Panama’s crypto bill has passed the first debate in the country’s parliament. Gabriel Silva, one of the bill’s authors, disclosed this on Twitter.
Panama Moves Towards Crypto Adoption
According to Panamanian lawmaker Gabriel Silva, Panama’s crypto bill was approved in the first debate, a report also confirmed by the National Assembly of Panama. However, the bill is still some steps away from becoming law. The bill still has to undergo some amendments and face two more debates.
Panama’s crypto bill, if passed, will allow merchants to choose to accept cryptocurrencies as a means of payment. A move that takes a softer line and perhaps more reasonable stance than El Salvador, where merchants must accept Bitcoin. The rules that would govern the implementation of this system will be outlined in other provisions, with the National Bank of Panama serving as the activity’s supervisory entity.
The plan to incorporate blockchain into the country’s administration is even more noteworthy. If passed, it would be the first government to do so as it plans to improve transparency and efficiency using blockchain.
Silva, speaking on the bill, also revealed that lawmakers could still improve it in its present state. As such, the lawmaker urged citizens to drop their suggestions so they could be considered in the second debate.
According to Silva, the proposed law will bring “legal clarity to the optional use of crypto assets and digital economy platforms,” adding that he expects it to boost “employment and promote financial inclusion.”
Global Adoption On The Horizon As More Regions Warm Up To The Nascent Market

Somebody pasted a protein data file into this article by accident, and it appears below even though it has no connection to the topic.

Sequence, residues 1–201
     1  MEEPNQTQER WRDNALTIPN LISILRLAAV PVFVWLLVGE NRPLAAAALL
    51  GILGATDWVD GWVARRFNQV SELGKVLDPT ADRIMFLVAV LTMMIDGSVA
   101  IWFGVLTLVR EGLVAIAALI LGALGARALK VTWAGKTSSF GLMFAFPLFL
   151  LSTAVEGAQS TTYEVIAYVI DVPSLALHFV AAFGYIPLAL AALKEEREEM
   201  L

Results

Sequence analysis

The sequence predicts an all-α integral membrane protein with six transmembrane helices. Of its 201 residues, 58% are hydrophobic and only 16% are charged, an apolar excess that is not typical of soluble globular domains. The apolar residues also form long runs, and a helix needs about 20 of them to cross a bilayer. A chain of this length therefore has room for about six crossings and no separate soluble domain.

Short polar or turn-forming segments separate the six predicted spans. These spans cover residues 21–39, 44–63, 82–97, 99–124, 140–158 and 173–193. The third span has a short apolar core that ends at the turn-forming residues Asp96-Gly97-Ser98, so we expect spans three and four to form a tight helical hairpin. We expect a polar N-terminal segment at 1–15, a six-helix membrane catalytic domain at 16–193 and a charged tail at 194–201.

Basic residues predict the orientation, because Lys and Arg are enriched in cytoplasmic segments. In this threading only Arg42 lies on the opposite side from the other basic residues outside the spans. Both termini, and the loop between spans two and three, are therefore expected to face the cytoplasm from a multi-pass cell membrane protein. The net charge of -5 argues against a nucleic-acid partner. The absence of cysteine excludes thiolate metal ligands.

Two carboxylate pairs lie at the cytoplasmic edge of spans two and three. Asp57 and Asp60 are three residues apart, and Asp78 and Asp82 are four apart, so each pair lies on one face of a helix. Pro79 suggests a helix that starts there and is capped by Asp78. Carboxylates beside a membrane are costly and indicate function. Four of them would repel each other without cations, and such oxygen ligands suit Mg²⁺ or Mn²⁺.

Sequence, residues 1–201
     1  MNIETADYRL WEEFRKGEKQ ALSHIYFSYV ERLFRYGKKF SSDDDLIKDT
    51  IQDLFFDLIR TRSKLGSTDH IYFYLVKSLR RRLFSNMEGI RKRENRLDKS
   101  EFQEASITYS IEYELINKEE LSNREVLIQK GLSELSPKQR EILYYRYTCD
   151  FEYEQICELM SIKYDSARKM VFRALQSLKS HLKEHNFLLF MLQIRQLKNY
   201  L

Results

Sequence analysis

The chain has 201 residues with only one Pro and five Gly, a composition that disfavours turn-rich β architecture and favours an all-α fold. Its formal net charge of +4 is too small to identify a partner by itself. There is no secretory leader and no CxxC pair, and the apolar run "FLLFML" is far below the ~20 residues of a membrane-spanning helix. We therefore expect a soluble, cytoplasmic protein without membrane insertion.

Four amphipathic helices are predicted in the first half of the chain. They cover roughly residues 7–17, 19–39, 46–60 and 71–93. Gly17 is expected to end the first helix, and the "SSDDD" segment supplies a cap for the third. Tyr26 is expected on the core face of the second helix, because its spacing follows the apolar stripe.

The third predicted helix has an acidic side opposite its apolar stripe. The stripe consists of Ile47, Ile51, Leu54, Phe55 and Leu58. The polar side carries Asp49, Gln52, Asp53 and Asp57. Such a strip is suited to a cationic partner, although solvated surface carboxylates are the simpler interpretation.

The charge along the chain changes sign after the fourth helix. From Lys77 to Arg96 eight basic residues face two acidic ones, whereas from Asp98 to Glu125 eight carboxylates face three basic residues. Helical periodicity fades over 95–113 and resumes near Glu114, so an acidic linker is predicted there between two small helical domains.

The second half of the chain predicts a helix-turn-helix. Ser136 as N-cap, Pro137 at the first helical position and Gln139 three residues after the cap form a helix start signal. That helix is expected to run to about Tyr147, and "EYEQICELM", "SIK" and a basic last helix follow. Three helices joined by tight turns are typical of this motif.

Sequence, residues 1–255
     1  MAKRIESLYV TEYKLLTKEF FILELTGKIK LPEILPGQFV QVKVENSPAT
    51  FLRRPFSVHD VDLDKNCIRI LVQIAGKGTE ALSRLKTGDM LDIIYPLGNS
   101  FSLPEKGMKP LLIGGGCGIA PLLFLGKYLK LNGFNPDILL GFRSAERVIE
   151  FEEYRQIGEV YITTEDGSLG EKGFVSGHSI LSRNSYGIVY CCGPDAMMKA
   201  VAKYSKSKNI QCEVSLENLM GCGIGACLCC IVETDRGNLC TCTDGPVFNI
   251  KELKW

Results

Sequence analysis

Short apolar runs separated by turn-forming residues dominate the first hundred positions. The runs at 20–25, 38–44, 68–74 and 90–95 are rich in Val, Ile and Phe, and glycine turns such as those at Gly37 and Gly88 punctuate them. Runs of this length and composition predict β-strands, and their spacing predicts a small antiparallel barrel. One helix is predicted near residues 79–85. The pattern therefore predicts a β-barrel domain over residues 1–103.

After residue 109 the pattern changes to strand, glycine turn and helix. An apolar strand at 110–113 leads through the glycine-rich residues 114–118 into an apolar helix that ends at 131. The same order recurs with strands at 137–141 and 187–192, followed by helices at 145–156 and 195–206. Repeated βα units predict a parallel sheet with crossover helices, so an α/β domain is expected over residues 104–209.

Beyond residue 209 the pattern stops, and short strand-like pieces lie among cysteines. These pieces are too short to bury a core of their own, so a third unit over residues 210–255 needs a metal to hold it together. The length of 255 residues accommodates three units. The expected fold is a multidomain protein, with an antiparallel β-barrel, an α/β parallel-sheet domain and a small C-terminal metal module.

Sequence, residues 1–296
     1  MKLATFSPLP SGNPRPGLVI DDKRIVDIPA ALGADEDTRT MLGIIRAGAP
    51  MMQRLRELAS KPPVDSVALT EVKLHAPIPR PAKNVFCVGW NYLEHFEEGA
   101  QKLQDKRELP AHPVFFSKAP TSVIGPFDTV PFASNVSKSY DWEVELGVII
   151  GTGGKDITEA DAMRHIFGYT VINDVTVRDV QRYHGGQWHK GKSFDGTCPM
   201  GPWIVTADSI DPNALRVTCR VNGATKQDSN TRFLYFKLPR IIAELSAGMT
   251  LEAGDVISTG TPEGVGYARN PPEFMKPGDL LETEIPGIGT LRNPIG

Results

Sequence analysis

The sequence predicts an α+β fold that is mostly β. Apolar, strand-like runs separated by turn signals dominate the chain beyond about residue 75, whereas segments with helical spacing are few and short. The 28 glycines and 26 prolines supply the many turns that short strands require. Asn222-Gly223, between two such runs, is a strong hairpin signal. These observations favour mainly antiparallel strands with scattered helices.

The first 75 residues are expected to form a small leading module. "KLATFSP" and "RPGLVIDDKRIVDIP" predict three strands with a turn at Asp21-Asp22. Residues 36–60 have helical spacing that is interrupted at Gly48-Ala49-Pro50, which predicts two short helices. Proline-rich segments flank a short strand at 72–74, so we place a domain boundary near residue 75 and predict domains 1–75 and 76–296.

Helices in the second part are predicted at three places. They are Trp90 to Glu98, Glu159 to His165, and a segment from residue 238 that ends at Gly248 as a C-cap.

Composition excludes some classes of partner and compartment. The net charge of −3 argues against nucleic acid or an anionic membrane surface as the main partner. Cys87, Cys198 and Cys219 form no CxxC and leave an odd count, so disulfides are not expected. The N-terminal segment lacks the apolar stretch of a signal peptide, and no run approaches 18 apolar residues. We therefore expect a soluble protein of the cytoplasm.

More and more countries appear to be warming up to the crypto market, with many of them in different stages of crypto adoption. As reported by ZyCrypto, Portugal, Honduras, and even Mexico are among the countries cozying up to the nascent market.
Independent regions in Portugal and Honduras have already adopted Bitcoin as legal tender, according to statements from regional leaders at Bitcoin 2022. Meanwhile, Mexican Senator Indira Kempis also revealed that lawmakers were working to roll out the country’s crypto regulation in a couple of months.
Even in developed economies like the US and the UK that currently lack clear crypto regulations, the regulatory language seems to have softened. Remarkably, the UK Treasury has declared its intention to become a crypto and blockchain technology hub. And, of course, we can not forget the Middle East and the Caribbeans, which many crypto proponents already see as havens for blockchain companies and users due to favorable tax laws and clear regulations.